Hospice: What it is and What it isn’t

When Mrs. Smith was diagnosed with stage 4 breast cancer, she immediately began treatment. But rounds upon rounds of chemotherapy seemed to have no effect and her doctor gave her a 6months prognosis.  After a year, she asked to be moved to a hospice care facility. Her friends thought she was giving up on life, but she reassured them that she what she really wanted was to be more comfortable and in control of her final days.

Hospice care refers to specialized, high-quality care provided near the end of one's life. Hospice care affirms life but accepts death as the final stage of life. The key focus is providing terminally-ill individuals with compassion, comfort, dignity, support, and a level of control over their lives as they prepare for death. 

Hospice care is not a common part of health conversations, even doctors are wary of introducing the option to patients and their families. 

Here's what you should really know about hospice.

Hospice: What it is…

It is a care program towards the end of life

Hospice is typically for people who have been given a short prognosis measured in months instead of years. Often, hospice care is recommended if a person is anticipated to live six months or less. In some countries, hospice care is covered by health insurance policies and life insurance policies. 

*Prognosis refers to a doctor's prediction about a person's health based on medical tests and the progression of a disease. *

It is a holistic care center

Hospices focus on holistic care of the individual rather than curative care. The aim is not to treat or improve health conditions but to ensure that the person is comfortable despite the illness. Usually, care revolves around emphasizing comfort, improving quality of life, and reducing chronic pain. For instance, a cancer patient would not be admitted to radiation or chemotherapy treatment but would be given painkillers to reduce pain. 

They also provide services that cover other aspects of living such as occupational therapy, grief counselling, social work, and spiritual services. As a result, a typical hospice team consists of doctors, nurses, therapists, counsellors, social workers, religious personnel, and volunteers.

It is a flexible form of care

Hospice care isn't limited to hospice centers. It can be provided in the person's home, in a care home, and as an out-patient service (person visits the hospice). Infact, practitioners refer to hospice care as a style of care instead of a specific location of practice.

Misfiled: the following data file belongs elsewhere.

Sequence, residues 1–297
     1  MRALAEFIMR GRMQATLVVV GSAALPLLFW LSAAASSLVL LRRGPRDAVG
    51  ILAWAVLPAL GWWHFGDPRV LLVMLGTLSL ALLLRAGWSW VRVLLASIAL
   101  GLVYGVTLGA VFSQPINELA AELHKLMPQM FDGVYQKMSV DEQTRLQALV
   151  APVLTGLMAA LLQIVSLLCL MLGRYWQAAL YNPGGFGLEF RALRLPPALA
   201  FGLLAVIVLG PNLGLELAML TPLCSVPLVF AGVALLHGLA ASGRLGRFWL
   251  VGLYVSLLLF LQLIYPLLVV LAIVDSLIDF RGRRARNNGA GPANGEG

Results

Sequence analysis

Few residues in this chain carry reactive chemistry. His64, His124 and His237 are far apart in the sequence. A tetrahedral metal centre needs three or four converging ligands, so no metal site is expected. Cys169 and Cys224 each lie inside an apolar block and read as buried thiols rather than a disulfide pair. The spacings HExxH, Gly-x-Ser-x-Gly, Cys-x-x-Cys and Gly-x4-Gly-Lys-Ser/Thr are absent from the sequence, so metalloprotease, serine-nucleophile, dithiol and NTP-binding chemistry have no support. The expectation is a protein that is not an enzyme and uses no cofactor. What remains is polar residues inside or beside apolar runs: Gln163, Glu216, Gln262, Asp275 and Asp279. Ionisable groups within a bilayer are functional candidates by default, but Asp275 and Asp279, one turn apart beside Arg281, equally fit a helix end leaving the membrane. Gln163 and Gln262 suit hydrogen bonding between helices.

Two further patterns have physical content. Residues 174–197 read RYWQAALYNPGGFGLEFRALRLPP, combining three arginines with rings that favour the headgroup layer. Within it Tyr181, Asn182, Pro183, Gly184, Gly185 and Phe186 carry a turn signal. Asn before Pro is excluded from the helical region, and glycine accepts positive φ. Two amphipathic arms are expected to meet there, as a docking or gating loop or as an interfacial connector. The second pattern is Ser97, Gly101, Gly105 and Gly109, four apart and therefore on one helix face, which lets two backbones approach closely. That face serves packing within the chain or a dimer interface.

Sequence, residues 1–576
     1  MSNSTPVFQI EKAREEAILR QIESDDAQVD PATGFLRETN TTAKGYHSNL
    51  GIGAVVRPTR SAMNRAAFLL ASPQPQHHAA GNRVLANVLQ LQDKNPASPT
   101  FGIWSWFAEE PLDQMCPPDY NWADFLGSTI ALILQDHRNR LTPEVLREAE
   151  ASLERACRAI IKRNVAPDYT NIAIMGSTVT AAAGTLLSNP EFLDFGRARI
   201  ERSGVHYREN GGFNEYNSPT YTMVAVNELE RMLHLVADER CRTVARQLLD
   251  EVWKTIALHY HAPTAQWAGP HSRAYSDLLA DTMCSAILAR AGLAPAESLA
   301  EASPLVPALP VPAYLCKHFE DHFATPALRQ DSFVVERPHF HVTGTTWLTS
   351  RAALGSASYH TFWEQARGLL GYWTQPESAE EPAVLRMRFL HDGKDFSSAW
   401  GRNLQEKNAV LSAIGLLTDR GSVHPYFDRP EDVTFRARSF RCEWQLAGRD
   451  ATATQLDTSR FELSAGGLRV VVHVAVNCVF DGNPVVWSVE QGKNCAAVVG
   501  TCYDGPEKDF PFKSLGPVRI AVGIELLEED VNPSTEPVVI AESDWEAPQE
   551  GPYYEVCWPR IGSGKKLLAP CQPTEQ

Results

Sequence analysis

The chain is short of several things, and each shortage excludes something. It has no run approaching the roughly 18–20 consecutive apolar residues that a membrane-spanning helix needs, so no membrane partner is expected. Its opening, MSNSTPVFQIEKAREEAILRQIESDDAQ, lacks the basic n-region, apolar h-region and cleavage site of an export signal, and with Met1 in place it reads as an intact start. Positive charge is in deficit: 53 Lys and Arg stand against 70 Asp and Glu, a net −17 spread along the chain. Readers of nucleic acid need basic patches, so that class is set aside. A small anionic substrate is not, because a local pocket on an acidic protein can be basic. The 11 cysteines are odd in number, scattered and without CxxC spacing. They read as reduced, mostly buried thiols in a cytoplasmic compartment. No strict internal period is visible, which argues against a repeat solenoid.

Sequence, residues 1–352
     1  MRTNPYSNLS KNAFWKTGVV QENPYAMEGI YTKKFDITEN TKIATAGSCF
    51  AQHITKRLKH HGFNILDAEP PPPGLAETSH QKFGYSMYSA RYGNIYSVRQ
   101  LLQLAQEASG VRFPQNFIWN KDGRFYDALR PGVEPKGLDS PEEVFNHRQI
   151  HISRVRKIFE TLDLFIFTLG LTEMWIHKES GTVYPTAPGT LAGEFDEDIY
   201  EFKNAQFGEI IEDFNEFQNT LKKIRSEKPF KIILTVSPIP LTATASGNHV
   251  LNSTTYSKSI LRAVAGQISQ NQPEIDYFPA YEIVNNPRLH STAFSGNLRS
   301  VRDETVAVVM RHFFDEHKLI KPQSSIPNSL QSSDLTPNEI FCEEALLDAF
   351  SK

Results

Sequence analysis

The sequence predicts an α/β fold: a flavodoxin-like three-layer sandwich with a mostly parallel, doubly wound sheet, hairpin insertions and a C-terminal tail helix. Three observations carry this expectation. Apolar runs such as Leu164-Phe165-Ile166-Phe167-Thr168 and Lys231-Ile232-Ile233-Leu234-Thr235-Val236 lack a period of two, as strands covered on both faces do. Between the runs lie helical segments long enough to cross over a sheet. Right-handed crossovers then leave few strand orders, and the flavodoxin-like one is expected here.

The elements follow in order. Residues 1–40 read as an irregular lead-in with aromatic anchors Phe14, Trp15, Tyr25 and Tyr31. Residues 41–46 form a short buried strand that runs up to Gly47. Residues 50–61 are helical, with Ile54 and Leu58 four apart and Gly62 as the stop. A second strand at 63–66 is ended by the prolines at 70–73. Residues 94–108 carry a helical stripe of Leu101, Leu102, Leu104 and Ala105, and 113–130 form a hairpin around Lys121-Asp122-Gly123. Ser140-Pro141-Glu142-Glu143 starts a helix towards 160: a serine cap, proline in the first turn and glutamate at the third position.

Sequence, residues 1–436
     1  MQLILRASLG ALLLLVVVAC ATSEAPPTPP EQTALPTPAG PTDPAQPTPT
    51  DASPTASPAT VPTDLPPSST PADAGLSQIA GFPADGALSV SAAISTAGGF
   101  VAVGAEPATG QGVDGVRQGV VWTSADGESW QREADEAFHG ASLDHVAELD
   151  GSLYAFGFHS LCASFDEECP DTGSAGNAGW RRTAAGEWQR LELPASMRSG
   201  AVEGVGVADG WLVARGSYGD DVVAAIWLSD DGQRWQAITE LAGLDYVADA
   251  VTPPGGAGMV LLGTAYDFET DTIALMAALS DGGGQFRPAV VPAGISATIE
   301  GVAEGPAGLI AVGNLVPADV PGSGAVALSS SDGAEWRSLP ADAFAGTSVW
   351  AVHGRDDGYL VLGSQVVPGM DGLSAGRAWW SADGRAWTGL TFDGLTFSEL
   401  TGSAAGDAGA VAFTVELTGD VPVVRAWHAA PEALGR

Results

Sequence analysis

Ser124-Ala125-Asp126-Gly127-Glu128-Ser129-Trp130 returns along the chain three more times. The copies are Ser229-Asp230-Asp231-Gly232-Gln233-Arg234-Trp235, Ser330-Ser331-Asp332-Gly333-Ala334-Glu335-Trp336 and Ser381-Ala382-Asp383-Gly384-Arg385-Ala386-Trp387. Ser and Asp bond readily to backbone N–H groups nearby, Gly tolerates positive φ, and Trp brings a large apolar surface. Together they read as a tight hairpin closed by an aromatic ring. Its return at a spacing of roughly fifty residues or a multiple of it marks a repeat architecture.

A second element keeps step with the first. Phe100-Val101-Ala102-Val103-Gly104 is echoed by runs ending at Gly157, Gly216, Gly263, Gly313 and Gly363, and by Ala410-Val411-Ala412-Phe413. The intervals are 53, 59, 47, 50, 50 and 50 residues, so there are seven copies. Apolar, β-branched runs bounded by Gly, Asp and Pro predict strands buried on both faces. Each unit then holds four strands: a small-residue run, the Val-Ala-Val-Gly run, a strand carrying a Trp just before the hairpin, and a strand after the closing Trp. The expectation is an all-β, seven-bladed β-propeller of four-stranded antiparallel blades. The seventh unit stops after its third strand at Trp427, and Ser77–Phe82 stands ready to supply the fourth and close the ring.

Hospices are more concerned with providing individualized care.

What it isn't…..

It isn't a final care facility: Admission to a hospice doesn't mean life must end after six months. People can enjoy hospice benefits for longer than six months if their health remains stable. The hospice doctor regularly accesses the health of the patient and they may decide to extend an hospice stay. 

In some cases, a person can even be discharged. If the doctor accesses a person's health to have improved over time or the individual decides to seek more curative treatment, they can be discharged.  

It isn't a sign that you have given up on life

Opting for hospice care does not mean you have given up on life, instead it shows that you have chosen to live life as comfortably as possible until the end. Sometimes, people get tired of constant medications with no improvements or believe they have lived a good life and do not want any further desperate attempts at curing an illness that may be incurable. Hospice care provides a way to live fully on their own terms.


Hospice care is a good care option for the terminally ill, but it can be a sensitive decision to make. Remember that the individual has the final say about what kind of care they want to receive. At any point in time, it is alright to withdraw from hospice care and receive more specific treatment. 

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